The Third Cheif

November 25, 2008
By Eve Sampson, Gainesville, FL

Words have always been important to me. Particularly the words I communicate with and the way I use them. Words seem to define me and help me separate myself from everyone else. This has been the case ever since I can remember.

A long time ago when I was four or five, I lived in a small duplex with my mommy, my daddy and my brother in Alexandria Louisiana. We conveniently lived right across the street from the hospital where my daddy worked. I loved where daddy worked. He was the Chief of Medicine and he had his very own parking space just for his car. It even had his name on it. It was the very respectable third parking space from the big, shiny front doors. So, to show are pride and enthusiasm, my brother and I called him “The Third Chief.” We thought it to be a very fitting name.

There was never much for a child to do in our small parish, so going to work with your parent was not uncommon or unexpected. It was actually all good fun for the soft-spoken and well behaved child. There were adult stories to here, new words to learn, and lots and lots of peppermints in the bowl at the receptionist’s desk. I loved sitting with the big people at meetings and office parties. I loved showing them around the spacious building from atop my daddy’s shoulders. I loved hearing their deep, mature voices talk about things my small mind could only imagine the meaning or significance of. I desperately yearned to contribute to their conversations. I wanted them to notice me -- to listen.

My chance for attention came rather unexpectedly. It was actually just another hot, August Saturday in the office with daddy, when he was called to show some new interns around the hospital’s campus. That news was agreeable and welcome -- a tour around the grounds meant a piggyback ride for me. I was hoisted up, and positioned on the back of my sturdy mount before we set off.

We met the sizable young men on the first floor, and showed them around the main buildings. We traveled from one wing to another, up one flight of stairs then down another, basically trekking through the entire clean, organized wilderness of the hospital.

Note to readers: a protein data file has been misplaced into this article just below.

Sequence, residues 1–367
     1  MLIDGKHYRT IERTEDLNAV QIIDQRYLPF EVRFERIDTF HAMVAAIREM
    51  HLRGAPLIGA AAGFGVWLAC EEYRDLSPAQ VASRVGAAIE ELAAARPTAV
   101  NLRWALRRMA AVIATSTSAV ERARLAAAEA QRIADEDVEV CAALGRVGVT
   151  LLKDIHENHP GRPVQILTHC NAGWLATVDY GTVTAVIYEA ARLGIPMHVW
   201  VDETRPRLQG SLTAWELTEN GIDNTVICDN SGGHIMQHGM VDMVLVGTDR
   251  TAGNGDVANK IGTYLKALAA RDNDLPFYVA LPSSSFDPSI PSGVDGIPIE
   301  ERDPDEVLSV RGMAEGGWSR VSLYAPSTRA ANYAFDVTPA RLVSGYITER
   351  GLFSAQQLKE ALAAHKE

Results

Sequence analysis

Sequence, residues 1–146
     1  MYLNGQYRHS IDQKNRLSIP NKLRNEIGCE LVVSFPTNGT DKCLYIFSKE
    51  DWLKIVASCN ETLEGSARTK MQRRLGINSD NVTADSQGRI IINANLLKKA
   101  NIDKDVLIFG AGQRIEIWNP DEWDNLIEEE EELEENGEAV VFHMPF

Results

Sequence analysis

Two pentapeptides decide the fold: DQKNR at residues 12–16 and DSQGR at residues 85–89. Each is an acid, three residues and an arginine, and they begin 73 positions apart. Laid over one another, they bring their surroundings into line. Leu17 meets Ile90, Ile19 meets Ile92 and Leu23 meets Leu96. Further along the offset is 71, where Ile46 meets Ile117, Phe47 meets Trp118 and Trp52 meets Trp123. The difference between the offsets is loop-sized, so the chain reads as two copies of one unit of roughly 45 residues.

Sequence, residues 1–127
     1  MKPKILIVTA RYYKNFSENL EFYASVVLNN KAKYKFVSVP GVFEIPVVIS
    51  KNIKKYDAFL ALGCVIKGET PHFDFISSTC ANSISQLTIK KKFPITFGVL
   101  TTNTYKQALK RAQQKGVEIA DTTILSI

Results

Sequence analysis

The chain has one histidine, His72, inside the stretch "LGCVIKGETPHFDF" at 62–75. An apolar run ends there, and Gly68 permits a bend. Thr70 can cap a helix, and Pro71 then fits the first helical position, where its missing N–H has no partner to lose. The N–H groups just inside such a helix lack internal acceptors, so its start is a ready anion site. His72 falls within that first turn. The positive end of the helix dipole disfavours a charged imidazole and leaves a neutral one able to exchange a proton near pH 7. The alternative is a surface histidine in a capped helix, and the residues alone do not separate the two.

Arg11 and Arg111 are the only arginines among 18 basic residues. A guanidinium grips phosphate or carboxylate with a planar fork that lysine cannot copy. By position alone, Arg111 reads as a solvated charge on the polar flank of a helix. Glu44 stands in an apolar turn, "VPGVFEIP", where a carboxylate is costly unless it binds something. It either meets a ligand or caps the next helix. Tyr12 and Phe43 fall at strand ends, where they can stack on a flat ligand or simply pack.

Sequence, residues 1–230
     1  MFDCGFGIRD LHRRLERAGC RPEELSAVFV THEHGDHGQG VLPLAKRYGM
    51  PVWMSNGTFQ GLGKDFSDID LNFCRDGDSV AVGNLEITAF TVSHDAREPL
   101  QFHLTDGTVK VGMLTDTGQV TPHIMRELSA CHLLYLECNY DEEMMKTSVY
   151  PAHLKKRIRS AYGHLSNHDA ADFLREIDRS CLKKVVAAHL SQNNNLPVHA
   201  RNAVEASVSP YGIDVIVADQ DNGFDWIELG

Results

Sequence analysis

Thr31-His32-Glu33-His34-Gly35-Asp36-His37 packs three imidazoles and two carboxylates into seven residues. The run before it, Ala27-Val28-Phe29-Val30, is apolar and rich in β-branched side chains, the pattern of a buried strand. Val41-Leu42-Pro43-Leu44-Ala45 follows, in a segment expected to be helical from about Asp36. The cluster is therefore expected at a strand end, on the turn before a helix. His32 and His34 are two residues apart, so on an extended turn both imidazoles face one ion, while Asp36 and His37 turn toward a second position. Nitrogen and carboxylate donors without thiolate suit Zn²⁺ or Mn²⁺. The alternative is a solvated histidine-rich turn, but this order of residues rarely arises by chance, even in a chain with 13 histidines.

As our tour winded down to a tasty stop inside the cafeteria, my opportunity to declare myself and contribute arose. As my daddy was turned around filling up his cup by the soda fountain, he said something to the interns, probably without meaning to, under his breath. The continued to talk to each other, without even realizing they had been addressed. I was furious! How could someone possibly ignore my daddy! My big, strong, “chiefly,” daddy! This was a capital offense! This had to be made right. Aha! My chance had arrived -- people were going to hear what I had to say! Never again would I be in the shadows! The time to speak up had come! For the first time ever, I opened my mouth not just to get what I needed, but to be heard! To be paid attention to! This was only the beginning of the rest of my expressive life! I had so many things to say, so many opinions to declare. As my mouth opened a whole new world opened!

In my flash of fury and realization, all I could exclaim was, “Listen up you chickens! The Third Chief is speaking!”

They were speechless for a whole moment before they burst into laughter! A whole moment! Victory never tasted so sweet! That world had opened, and neither it nor my mouth has ever closed since.

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